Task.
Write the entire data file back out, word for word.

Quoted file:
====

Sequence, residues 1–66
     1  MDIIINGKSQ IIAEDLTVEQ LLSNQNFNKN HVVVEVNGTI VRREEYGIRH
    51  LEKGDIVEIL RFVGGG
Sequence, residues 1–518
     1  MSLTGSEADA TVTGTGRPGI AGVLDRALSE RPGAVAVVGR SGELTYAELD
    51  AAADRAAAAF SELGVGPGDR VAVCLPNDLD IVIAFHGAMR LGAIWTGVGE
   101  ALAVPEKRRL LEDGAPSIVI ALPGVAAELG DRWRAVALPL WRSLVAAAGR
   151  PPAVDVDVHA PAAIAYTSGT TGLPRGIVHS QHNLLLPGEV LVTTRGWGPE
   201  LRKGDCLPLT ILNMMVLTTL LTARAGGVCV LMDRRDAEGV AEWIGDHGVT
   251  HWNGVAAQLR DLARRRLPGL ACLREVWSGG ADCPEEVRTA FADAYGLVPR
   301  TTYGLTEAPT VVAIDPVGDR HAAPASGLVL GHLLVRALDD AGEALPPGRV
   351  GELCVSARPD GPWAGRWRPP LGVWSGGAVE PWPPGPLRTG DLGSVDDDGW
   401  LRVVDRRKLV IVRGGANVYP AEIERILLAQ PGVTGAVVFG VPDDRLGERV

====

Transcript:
Sequence, residues 1–66
     1  MDIIINGKSQ IIAEDLTVEQ LLSNQNFNKN HVVVEVNGTI VRREEYGIRH
    51  LEKGDIVEIL RFVGGG
Sequence, residues 1–518
     1  MSLTGSEADA TVTGTGRPGI AGVLDRALSE RPGAVAVVGR SGELTYAELD
    51  AAADRAAAAF SELGVGPGDR VAVCLPNDLD IVIAFHGAMR LGAIWTGVGE
   101  ALAVPEKRRL LEDGAPSIVI ALPGVAAELG DRWRAVALPL WRSLVAAAGR
   151  PPAVDVDVHA PAAIAYTSGT TGLPRGIVHS QHNLLLPGEV LVTTRGWGPE
   201  LRKGDCLPLT ILNMMVLTTL LTARAGGVCV LMDRRDAEGV AEWIGDHGVT
   251  HWNGVAAQLR DLARRRLPGL ACLREVWSGG ADCPEEVRTA FADAYGLVPR
   301  TTYGLTEAPT VVAIDPVGDR HAAPASGLVL GHLLVRALDD AGEALPPGRV
   351  GELCVSARPD GPWAGRWRPP LGVWSGGAVE PWPPGPLRTG DLGSVDDDGW
   401  LRVVDRRKLV IVRGGANVYP AEIERILLAQ PGVTGAVVFG VPDDRLGERV